The Pryor Times

March 30, 2013

Recognizing Oklahoma’s agriculture importance

Senate Review
Sen. Sean Burrage

— People around the world may not know exactly where Oklahoma is on a map, but they can probably tell you something about the Sooner State thanks to the fact that our official state song comes from a very well-known Broadway musical. Folks who’ve never been here can tell you that the wind comes sweepin’ down the plain. They’ll also tell you that the corn grows as high as an elephant’s eye. If they’re really big fans of the musical, they may have picked upon the fact that it isn’t just about corn—as the opening lyrics say “gonna buy you barley, carrots and pertaters, pasture for the cattle, spinich and termaters.”

Actually, it’s a little more extensive than that—agriculture commodities include everything from cattle, hogs, poultry, cotton, sorghum, corn, wheat, dairy, hay, soybeans, peanuts, forestry, greenhouse/horticulture, pecans, peaches, aquaculture, watermelons and more. Agriculture is a huge part of Oklahoma’s past, and it continues to play a major role in defining who we are as a state.

April 4 has been declared Agriculture Day at the State Capitol. This event is all about showcasing agriculture in our state. Farming and ranching continue to be a major part of our economy and our culture.

While it is certainly true that kids growing up today are less likely to be raised on a farm than children were at statehood, it is important to point out that there are currently more than 86,000 farms in Oklahoma, 89 percent of which are family farms—and right now, 80 percent of the state’s land is used for agriculture. Agriculture’s contribution to the state’s economy is $36.5 billion, creating 188,294 jobs. As for that “waving wheat,” the five year average for wheat production is 110.2 million bushels produced making Oklahoma the fourth largest wheat producing state in the nation.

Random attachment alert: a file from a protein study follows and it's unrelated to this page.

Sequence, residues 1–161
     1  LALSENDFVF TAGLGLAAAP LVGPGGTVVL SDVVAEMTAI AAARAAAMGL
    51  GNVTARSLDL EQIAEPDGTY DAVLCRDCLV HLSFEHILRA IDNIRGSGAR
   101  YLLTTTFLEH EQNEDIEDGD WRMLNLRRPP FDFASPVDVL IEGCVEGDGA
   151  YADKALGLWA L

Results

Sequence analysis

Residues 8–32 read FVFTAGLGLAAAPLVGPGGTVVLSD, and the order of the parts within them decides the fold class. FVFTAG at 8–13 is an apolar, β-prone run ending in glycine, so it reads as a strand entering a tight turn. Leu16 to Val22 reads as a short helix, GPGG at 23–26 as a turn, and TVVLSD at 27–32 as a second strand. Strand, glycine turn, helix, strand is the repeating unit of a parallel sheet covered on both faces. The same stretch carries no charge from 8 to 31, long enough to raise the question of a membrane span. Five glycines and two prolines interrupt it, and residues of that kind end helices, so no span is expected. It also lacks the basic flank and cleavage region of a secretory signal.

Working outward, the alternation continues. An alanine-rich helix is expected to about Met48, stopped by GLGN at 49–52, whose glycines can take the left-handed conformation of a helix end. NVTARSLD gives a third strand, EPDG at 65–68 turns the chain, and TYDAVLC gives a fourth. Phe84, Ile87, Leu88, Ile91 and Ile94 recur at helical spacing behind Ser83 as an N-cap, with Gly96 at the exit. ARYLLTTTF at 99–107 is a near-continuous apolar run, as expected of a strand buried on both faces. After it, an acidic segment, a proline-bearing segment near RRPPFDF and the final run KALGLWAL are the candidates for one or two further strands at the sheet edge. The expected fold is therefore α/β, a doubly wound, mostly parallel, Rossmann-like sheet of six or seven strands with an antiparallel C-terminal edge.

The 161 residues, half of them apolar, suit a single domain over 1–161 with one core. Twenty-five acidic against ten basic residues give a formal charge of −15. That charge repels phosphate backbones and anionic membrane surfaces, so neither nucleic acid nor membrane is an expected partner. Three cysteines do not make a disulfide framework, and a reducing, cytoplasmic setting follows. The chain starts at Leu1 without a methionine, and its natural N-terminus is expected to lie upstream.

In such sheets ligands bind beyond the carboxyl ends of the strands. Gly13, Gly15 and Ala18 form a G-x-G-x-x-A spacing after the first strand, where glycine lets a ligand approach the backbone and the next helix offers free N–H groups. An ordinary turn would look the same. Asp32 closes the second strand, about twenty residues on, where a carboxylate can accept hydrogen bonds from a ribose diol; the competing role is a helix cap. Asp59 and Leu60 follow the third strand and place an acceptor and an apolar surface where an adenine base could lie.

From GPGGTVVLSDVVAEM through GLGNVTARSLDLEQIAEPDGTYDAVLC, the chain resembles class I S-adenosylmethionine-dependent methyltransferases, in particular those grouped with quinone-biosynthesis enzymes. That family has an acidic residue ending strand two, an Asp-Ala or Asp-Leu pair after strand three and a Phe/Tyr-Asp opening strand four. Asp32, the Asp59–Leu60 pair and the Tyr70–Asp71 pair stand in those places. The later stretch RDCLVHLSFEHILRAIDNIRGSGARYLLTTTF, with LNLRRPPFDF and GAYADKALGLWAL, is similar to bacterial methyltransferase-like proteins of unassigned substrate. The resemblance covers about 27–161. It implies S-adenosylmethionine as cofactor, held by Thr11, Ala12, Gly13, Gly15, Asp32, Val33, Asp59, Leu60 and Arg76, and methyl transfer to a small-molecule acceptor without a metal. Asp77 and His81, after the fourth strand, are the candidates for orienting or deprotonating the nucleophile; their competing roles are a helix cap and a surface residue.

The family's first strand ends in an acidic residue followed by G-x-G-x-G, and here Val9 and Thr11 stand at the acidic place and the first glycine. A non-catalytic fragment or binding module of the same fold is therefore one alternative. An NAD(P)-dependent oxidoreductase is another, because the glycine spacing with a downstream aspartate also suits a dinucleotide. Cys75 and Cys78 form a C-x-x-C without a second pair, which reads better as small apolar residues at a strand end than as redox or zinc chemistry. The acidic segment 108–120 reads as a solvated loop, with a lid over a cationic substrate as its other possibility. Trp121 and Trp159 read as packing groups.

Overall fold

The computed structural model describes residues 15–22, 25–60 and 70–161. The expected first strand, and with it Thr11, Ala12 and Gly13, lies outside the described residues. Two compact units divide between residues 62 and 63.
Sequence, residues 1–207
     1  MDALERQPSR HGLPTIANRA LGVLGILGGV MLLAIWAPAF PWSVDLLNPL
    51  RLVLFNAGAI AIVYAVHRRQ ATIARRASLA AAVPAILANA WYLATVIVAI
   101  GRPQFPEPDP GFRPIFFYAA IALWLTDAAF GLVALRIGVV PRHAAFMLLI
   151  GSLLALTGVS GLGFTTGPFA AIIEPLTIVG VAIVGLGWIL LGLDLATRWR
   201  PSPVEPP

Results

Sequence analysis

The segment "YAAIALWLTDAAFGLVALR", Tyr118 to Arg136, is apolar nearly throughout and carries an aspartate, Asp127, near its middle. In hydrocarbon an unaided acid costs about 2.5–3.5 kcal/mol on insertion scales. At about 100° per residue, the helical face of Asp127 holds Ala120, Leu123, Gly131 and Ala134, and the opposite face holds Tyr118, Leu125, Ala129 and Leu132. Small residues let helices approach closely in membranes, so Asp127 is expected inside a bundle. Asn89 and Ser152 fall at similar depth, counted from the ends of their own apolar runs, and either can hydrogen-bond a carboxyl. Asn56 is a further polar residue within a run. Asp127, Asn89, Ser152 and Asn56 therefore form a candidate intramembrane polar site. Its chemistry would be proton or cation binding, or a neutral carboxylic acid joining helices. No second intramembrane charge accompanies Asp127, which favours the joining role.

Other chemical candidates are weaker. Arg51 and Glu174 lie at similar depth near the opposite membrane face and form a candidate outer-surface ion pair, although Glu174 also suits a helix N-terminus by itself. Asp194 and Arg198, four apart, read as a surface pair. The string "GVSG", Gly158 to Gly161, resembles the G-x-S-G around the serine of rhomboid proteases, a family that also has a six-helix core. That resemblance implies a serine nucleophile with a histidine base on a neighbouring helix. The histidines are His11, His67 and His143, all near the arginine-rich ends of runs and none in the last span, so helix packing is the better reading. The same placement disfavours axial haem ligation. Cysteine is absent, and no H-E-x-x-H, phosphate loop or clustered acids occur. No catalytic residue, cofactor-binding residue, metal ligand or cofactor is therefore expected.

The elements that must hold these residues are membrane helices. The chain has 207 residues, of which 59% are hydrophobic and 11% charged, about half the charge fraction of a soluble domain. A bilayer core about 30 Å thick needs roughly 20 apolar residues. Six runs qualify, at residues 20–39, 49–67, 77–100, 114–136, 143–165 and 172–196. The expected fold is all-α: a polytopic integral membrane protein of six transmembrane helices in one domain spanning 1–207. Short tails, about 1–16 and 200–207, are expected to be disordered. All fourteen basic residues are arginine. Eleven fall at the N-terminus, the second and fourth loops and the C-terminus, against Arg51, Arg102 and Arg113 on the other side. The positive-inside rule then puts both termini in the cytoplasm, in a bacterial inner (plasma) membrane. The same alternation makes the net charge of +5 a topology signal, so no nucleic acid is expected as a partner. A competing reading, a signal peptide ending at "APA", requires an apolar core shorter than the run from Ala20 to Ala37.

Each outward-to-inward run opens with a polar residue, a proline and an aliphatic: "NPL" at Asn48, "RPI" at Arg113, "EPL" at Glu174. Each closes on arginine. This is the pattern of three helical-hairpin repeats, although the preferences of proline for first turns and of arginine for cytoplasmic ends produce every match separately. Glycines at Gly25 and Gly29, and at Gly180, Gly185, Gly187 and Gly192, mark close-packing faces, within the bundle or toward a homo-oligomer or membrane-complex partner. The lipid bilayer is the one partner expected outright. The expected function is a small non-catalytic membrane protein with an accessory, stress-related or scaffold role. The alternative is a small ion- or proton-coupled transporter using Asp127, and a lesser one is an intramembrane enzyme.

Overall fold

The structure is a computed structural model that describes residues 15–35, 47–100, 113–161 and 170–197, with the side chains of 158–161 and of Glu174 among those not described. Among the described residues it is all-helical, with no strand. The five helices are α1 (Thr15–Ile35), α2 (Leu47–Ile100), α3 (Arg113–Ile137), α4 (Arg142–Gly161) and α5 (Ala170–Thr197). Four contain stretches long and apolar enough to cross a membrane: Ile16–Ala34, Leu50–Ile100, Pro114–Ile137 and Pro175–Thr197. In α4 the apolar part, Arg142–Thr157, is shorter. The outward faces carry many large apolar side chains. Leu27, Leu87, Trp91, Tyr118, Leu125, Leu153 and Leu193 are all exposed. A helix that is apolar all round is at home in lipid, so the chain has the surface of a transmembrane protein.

If you aren’t a rancher, you may not pay close attention to the cattle ranches you pass on the highways, but you might see them in a different light when you realize we have over 56,000 cattle operations with a five year average gross income of $2.54 billion. In fact, Oklahoma is the second largest beef producing state in the nation.

We should always be grateful for the natural resources Oklahoma has been blessed with to support farming and ranching in our state, and to the men and women who battle the elements and so much more to survive and thrive in farming and ranching—their strength, determination and tenacity are a huge part of who we are as a state.  When you and your family say grace before dinner, remember to give thanks not only for the meal, but for the farmers and ranchers who helped put that food on your table.         

Thanks again for reading my “Senate Review.” If you have any questions on a legislative matter, please do not hesitate to contact my Senate office at the Capitol by calling (405) 521-5555 or writing me with your concerns at: Senator Sean Burrage, 2300 North Lincoln Blvd. Rm. 522, State Capitol Building, Oklahoma City, OK 73105.  I always enjoy hearing from my constituents and consider it an honor to be your voice in the Oklahoma State Senate. May God bless each of you.